The read-only memory 40 contains a number of discrete routines which perform diverse functions during the initialization procedure. For example, there is a routine for diagnosing the operation of the digital computer 10. This routine tests the digital computer response to all the instructions in sequence. If a failure occurs, the routine triggers an alarm, as by printing out a message. When all the diagnostic tests are met, the initialization circuit 11 may enter another routine for "emulating" a conventional console unit through an input/output peripheral unit, such as an input/output typewriter or cathode-ray tube display unit and keyboard.
While the foregoing operation permits an input/output peripheral unit to emulate a conventional console unit, it is also possible to bootstrap other types of peripheral units, such as disk memories, magnetic tape memories or paper tape readers. These peripheral units may be bootstrapped automatically or through the input/output peripheral unit which emulates the conventional console unit.
Once all the operations for initializing the digital computer have been completed, control of the digital computer passes either to a program in the bootstrapped peripheral unit or back to the program stored in the memory 40 to enable further control through the console unit emulating peripheral unit.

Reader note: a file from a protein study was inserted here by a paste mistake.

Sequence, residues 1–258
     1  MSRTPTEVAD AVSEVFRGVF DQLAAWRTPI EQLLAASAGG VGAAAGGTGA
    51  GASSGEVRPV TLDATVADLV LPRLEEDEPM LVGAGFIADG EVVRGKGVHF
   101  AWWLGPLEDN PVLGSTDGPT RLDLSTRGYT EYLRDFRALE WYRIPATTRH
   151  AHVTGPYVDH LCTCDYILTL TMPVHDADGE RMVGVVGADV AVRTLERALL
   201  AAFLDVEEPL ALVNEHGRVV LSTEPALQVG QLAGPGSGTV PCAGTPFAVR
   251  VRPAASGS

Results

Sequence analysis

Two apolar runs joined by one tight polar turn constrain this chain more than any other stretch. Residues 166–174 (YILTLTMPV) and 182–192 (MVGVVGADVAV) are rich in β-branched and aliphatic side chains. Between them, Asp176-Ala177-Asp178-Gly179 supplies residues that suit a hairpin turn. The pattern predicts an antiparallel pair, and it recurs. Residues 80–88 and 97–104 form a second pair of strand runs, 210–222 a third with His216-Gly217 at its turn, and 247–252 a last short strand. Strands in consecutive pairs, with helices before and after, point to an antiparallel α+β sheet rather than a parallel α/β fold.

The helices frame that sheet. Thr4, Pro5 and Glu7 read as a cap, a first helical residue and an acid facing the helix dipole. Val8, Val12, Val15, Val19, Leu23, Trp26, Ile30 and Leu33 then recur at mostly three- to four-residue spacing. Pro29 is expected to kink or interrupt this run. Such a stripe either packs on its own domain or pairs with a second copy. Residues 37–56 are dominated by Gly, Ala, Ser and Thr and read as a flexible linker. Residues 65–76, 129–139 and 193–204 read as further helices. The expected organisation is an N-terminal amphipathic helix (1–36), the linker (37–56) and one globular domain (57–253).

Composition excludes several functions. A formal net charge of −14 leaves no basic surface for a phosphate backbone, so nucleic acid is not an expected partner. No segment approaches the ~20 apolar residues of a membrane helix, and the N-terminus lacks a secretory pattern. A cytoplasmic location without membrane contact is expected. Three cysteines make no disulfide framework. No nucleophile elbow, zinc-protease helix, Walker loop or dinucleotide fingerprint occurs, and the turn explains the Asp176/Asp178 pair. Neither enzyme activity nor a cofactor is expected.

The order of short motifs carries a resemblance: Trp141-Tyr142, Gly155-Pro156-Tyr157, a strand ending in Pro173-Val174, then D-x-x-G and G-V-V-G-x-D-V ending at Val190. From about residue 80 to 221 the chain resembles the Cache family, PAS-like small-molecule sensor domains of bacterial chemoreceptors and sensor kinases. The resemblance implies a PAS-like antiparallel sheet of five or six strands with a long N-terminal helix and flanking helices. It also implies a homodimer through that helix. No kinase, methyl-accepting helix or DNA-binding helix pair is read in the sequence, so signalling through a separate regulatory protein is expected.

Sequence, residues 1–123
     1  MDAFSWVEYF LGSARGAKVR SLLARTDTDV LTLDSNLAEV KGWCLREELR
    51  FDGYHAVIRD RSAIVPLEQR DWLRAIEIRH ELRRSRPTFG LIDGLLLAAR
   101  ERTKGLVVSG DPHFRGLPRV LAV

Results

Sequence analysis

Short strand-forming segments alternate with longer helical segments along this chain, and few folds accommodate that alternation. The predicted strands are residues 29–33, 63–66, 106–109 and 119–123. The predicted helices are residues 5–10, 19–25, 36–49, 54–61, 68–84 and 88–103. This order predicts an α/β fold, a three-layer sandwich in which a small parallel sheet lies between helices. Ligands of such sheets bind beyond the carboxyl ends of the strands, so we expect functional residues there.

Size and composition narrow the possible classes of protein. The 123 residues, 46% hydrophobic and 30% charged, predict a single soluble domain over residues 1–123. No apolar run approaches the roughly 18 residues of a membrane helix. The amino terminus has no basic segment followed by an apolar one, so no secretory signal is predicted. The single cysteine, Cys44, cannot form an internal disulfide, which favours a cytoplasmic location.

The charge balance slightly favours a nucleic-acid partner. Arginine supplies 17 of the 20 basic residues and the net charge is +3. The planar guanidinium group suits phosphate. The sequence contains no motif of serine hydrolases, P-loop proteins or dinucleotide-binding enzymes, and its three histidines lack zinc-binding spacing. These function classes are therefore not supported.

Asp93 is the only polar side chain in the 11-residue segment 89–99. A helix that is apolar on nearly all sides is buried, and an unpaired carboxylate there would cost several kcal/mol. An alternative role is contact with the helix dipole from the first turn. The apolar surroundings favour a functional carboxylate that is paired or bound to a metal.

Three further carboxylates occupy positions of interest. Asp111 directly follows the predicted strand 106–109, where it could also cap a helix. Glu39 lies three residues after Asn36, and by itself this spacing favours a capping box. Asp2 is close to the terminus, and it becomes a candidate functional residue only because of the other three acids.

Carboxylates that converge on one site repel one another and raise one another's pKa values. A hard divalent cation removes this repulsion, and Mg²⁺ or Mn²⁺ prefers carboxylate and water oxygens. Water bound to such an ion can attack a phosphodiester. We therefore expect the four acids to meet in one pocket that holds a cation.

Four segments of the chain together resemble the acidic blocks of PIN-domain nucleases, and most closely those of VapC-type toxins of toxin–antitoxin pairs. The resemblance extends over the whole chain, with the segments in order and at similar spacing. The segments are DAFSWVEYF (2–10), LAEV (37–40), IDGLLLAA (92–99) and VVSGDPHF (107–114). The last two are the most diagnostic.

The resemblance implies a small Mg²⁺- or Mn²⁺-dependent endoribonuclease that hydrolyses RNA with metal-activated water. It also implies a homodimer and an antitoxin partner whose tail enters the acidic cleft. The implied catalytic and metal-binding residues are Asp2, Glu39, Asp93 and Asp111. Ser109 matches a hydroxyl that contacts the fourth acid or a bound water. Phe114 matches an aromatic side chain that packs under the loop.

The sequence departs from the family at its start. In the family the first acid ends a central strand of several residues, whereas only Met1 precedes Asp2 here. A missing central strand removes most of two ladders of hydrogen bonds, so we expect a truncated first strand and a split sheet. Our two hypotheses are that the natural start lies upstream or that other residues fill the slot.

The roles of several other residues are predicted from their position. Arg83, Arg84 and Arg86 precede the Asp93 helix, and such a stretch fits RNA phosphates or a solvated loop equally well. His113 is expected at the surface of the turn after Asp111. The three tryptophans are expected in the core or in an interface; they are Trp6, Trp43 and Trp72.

Portions of the bus 12 in FIG. 1 are shown in two locations, as bus 12a and bus 12b in FIG. 2, in order to simplify the circuit drawing. Each bus contains data, address and control conductors as described in the above-identified patents. For purposes of this discussion, it is assumed that signals on the bus are "ground assertion" signals. That is, the signal is at a ground potential when it is TRUE and is at a positive potential when it is FALSE.
The initialization circuit 11 shown in FIG. 1 is activated either when the BUS AC LO and BUS DC LO signals terminate or when the operator depresses a boot switch 50 (FIG. 2) normally located at the console unit 20. In either situation, a sensing circuit 51, which monitors the BUS AC LO and BUS DC LO signals, or a sensing circuit 52, which monitors the external boot switch 50, energizes a NOR gate 53 thereby to transmit a ground assertion signal to a monostable multivibrator 54. As only a positive-going transition of this signal from the NOR gate 53 triggers the multivibrator 54, the multivibrator remains inactive. When both the BUS AC LO and BUS DC LO signals revert to a non-asserted level, the NOR gate 53 triggers the multivibrator 54. The multivibrator 54 then transmits a fixed duration pulse which exceeds the interval required to perform the two initial reading operations which the digital computer 10 performs as part of a power-up operation. This pulse enables the address generator 36 to transmit an overriding, or offsetting, address onto address conductors in the bus 12b.